What is an LLC? Do I need one for my small business? Do I want an LLC in my particular state? Do I need an LLC if I’m using my home state as the filing entity? All of these questions will be answered here and more.
First, we’ll discuss what an LLC is. An LLC is a Limited Liability Company filed with the appropriate state. It allows for the sharing of one type of tax liability (the tax liability on the shares of stock in the industry ) between the business and the owner (the person who started the LLC). If you’re filing a Change of Address, this may change your business’ LLC status.
Do I need an LLC for my business? If your business grows significantly and your daily work requires a great deal of driving, you may want to consider an LLC. An LLC can help protect your own assets while also protecting your business assets from those of your competition. If you file a Change of Address, your address and contact information will become the liability of your LLC, not your private residence.
Do I want an LLC if my state doesn’t require one? Most states will not require an LLC. Your accountant will be able to assist you in determining if you want one based on the sort of business you have and your particular state’s laws. Some states allow for one or partial incorporation of a business. Other states require you to form a real LLC.
Do I need a Registered Agent for my LLC? An LLC is also another entity from your residence. For your LLC to have its own separate legal and fiscal records, you’ll have to appoint a Registered Agent. In some cases, it is the Registered Agent that will be responsible for the maintenance and filing of all the LLC’s documents. In other nations, the Secretary of State will manage these filings.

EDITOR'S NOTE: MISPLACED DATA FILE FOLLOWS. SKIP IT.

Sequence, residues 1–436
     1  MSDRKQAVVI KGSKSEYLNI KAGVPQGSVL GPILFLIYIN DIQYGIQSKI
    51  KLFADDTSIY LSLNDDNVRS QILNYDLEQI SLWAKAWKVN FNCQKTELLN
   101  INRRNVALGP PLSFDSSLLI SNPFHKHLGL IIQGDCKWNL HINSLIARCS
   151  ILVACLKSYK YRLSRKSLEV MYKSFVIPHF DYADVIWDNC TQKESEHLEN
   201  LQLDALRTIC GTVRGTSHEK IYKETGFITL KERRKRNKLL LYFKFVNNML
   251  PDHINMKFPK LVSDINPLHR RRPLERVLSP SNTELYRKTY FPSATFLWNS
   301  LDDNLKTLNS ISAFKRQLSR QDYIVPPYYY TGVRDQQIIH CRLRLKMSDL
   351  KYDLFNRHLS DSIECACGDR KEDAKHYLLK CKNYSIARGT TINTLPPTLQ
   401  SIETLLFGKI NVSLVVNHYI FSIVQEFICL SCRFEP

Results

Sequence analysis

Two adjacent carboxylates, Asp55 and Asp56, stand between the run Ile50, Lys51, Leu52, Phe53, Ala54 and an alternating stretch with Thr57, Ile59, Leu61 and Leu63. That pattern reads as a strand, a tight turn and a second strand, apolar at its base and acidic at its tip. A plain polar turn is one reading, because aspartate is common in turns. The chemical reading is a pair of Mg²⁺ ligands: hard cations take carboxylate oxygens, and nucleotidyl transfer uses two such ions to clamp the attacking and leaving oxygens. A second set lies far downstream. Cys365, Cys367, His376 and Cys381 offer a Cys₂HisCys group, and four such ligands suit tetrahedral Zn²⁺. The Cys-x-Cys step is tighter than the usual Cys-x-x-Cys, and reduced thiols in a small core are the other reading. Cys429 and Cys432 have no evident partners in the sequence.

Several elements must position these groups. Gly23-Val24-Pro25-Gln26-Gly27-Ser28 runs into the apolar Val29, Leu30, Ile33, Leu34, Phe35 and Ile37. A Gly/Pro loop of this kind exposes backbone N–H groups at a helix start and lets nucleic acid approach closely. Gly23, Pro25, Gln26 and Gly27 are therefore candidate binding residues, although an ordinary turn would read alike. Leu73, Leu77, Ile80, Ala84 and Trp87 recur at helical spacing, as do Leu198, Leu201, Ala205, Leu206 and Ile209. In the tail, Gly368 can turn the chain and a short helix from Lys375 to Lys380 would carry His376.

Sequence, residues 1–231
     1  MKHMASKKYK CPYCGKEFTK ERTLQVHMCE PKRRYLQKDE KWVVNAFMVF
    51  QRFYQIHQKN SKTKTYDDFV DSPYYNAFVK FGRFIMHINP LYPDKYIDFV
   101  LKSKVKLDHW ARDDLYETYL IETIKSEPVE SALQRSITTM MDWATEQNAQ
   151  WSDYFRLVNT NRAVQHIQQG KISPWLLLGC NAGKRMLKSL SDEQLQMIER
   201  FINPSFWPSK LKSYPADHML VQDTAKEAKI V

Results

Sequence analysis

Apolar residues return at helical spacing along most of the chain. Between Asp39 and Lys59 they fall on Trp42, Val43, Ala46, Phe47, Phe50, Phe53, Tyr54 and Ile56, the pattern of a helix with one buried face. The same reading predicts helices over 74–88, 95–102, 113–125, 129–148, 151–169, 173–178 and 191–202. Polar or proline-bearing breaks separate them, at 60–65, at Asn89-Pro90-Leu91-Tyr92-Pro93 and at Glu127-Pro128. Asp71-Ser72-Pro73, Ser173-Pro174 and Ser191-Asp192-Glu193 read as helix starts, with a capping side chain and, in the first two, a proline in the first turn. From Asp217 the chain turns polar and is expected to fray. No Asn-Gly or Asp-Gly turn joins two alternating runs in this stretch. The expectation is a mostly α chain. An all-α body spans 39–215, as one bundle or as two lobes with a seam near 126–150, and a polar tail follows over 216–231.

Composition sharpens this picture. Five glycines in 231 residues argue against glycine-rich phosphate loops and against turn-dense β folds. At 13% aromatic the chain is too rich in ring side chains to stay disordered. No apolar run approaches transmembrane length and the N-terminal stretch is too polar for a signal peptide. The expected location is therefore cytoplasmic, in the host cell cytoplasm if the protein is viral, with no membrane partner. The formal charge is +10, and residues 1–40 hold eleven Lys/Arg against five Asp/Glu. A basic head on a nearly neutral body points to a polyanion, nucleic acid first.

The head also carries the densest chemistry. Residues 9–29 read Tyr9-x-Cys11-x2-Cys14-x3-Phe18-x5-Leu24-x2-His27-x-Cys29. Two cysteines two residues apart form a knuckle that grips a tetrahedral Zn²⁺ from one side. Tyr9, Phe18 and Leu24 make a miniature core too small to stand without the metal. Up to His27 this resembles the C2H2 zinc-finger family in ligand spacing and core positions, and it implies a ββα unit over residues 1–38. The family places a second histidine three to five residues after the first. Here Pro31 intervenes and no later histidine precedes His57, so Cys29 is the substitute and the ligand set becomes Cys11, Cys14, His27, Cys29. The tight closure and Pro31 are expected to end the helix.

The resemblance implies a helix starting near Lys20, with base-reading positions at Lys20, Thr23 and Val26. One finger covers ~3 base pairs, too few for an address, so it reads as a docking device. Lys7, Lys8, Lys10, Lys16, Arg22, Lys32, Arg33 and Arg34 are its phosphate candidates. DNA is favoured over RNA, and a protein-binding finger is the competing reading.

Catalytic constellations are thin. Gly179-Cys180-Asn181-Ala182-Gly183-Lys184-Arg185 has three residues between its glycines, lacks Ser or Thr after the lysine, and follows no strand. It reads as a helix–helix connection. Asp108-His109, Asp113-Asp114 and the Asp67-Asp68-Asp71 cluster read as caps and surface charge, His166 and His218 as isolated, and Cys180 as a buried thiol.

Do I need an attorney for my LLC? Like any legal formation, it is extremely important that any individuals associated with your LLC are trustworthy and qualified. In case you have children or a spouse, you’ll need an attorney that will assist you fill out the forms and register the name of your business, as well as any alterations (name changes). While the most common reasons to form an LLC are to prevent state taxes and comply with tax laws, having a registered agent and a skilled attorney also allows you to protect your personal interests while still being able to operate your company peacefully.
Do I need an accountant for my LLC? Running an LLC is a really complex and intricate task, and it requires the attention of a qualified accountant. When you file your documents with your state’s Secretary of State, he or she’ll provide you with a comprehensive list of who is authorized to make changes and who’s responsible for completing them. While this sounds useful, many accountants are not qualified to handle the intricate task of incorporating a small business. The Secretary of State also has specific rules about who will represent the LLC, when filings are to be made, how they should be completed, and what fees are required.
Do I need an accountant for my LLC? It depends on your state’s laws. Most states allow a sole proprietorship to incorporate as an LLC, but you have to incorporate as a corporation first, before it is possible to incorporate as an LLC. No matter the type of business you’re in, you want a qualified individual to assist you create the necessary Articles of Organization, register the name of your LLC, and maintain the books.